Production Diary – Day 5

Production Diary – Day 4
November 27, 2016
Beijing - Travel Warning Movie
Production Diary – Day 6
December 22, 2016
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Fragrance Hills - Beijing - Travel Warning Movie

After a enourmous 16 hour shoot the previous day, which was both physically and mentally draining, it was yet another early start for the crew of Travel Warning.

Before falling asleep in our clothes, we had done a bit of research about what we were going to do today.

Change of plans

Originally we had plans to go to Cuandixia village, an ancient village outside Beijing. The plan was to shoot some wilderness scenes in and around there. After dinner, we spoke with the conseirge about the amount of time to get there and due to the winding roads, it was take about 8 hours return.

That 8 hours was a lot of time not shooting. Especially considering we had quite a lot to do.

Our ambitious schedule also said once we were done with the village and back in Beijing we would head to Fragrance Hills.

This would never have happened due to the time, but we decided to skip the village and go to the Hills and finish as much as we could, bearing in the mind, we still had many more hotel scenes to film.

We departed about 6am in the early morning light, and got 2 trains to our station. From there it was a 20 minute bus ride into the hills.

Since we had not had anything to eat, it was a quick trip to McDonald for breakfast before paying the entry fee and heading into the park.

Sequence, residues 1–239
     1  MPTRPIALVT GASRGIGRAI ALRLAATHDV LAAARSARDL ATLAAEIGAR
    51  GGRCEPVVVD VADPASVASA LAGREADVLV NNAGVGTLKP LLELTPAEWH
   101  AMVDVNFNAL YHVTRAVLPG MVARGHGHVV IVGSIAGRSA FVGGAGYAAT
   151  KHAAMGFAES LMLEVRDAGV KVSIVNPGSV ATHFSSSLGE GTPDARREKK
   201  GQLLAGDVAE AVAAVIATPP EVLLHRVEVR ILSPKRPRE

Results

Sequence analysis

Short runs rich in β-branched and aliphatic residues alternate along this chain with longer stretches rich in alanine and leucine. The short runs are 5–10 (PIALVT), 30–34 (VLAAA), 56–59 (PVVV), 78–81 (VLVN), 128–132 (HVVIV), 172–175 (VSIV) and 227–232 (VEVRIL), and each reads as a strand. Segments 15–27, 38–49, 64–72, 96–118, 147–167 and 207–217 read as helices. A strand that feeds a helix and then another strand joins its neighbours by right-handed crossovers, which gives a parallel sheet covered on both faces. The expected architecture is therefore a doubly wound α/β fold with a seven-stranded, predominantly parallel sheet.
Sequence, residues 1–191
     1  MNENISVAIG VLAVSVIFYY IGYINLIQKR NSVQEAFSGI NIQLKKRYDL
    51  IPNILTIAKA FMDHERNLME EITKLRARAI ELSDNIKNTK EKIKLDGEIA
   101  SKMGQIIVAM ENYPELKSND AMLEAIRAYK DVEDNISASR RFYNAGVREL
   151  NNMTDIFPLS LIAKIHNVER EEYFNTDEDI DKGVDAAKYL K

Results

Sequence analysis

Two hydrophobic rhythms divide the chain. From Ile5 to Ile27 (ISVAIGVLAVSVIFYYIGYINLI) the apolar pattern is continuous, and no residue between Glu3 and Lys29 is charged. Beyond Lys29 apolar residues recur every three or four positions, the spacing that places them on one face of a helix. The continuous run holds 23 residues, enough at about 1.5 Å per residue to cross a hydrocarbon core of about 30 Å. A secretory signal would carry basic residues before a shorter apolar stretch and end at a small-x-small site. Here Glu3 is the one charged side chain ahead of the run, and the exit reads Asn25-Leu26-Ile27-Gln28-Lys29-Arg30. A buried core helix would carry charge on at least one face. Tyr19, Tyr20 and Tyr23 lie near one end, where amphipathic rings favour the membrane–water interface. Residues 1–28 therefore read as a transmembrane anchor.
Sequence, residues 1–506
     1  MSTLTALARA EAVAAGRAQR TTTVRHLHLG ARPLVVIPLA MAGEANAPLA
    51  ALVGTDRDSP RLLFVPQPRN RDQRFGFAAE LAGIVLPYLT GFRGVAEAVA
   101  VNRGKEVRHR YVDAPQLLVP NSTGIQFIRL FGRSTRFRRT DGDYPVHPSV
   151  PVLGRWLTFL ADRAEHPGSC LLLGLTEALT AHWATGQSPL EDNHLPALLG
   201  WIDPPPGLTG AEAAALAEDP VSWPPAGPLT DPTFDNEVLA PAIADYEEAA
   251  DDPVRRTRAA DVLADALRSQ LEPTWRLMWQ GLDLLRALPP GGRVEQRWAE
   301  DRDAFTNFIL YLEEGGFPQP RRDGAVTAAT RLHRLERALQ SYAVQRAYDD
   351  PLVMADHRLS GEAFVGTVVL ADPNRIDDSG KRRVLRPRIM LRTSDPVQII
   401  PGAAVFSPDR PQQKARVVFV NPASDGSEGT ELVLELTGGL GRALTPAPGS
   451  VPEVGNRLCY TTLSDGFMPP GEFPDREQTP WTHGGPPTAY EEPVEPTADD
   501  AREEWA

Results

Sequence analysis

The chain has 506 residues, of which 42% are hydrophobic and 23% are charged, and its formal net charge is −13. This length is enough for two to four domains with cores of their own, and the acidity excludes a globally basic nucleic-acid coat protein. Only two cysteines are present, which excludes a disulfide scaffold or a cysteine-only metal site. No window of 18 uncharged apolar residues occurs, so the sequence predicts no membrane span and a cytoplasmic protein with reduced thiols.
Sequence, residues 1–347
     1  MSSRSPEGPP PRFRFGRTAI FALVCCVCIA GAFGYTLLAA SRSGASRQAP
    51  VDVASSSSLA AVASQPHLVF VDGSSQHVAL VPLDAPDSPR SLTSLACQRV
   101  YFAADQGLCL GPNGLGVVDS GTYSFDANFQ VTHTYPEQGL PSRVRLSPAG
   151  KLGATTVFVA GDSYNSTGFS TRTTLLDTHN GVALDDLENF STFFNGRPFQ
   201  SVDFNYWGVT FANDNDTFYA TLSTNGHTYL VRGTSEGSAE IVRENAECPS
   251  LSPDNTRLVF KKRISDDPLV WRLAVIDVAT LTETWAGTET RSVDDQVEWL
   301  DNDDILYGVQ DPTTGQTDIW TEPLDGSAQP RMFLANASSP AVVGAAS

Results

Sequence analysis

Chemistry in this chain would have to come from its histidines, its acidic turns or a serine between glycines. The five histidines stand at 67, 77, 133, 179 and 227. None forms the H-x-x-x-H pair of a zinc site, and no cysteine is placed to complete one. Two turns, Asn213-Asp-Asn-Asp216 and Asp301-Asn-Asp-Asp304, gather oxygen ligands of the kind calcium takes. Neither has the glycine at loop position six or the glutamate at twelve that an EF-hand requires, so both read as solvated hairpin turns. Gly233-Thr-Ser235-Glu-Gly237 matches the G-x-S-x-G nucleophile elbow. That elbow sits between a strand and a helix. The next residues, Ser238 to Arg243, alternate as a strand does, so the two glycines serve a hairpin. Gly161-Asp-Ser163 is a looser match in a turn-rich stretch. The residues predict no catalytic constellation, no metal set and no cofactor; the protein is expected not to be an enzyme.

The hills are alive with the sound of violence

Fragrance Hills was the perfect location. It was huge with lots of different paths to walk. Our goal was to get away from the crowds and begin shooting some of the more difficult scenes, which turned out to be easier than expected giving the sheer volume of people entering the park during peak season.

We walked in a circle, shooting scenes based on the locations we were discovering. We even found an old air raid shelter from the 1950’s which provided a welcome change of backdrop.

It was just after midday and we decided to head back and shoot the crucial scenes at the hotel.

Getting back was a nightmare, crammed on a bus like sardines with a bus driver who looked ready to pack it in, he was that angry. On the bus, we had thought of a shot we missed.

The scene calls for the main character to hunt an animal, so he throws a stick. The aim is well off and the stick smacks into a tree.

Two things were needed to complete the scene: one was a tree, two was a stick.

Seems easy. The problem was we were back in the city now.

Walking to the subway I spotted a big stick about 60cm on length. Next to the station there was a row of trees. My god, this might work.

We were in and amongst a crowed area, being it was the subway entrance. Opposite us was a group of older Chinese men, who were already gawking at us, wondering what we were doing there. (This was commonplace everywhere we went).

I set up the camera, making out I was playing with settings and we bided our time. As soon as the group settled, we picked the moment.

Richard lobbed there stick at the tree, we got the shot.

We both agreed how absurd the making of the film was before quickly leaving. This really was the definition of guerrilla filmmaking.

No turning back

Back at the hotel, we shot many scenes. Then came the moment which would turn the movie on its head: Richard having to shave his beard.

In shooting the movie in reverse, we had to now shoot all the scenes in the beginning with our character clean shaven. The worry for us was whether we had got everything with the beard. This was the point of no return.

Schedules were studied long and hard and the decision was made, the beard was to come off. Although it wasn’t as easy as that, it was a very thick beard for a single razor.

After clogging the sink with hair, the deed was done. We finished off the scenes well into the night and was exhausted. An all to familiar feeling.


21,437 steps (record)
51 flights of stairs climbed
15.9km walked (record)

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